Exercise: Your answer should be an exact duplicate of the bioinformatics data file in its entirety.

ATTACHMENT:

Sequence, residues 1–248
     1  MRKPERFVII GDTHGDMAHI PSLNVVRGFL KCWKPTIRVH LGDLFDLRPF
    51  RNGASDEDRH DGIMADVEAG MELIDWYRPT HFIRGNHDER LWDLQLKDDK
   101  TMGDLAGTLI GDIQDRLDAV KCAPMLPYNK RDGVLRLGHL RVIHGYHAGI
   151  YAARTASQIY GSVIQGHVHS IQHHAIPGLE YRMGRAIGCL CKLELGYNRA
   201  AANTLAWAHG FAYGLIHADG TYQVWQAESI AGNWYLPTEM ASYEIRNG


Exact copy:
Sequence, residues 1–248
     1  MRKPERFVII GDTHGDMAHI PSLNVVRGFL KCWKPTIRVH LGDLFDLRPF
    51  RNGASDEDRH DGIMADVEAG MELIDWYRPT HFIRGNHDER LWDLQLKDDK
   101  TMGDLAGTLI GDIQDRLDAV KCAPMLPYNK RDGVLRLGHL RVIHGYHAGI
   151  YAARTASQIY GSVIQGHVHS IQHHAIPGLE YRMGRAIGCL CKLELGYNRA
   201  AANTLAWAHG FAYGLIHADG TYQVWQAESI AGNWYLPTEM ASYEIRNG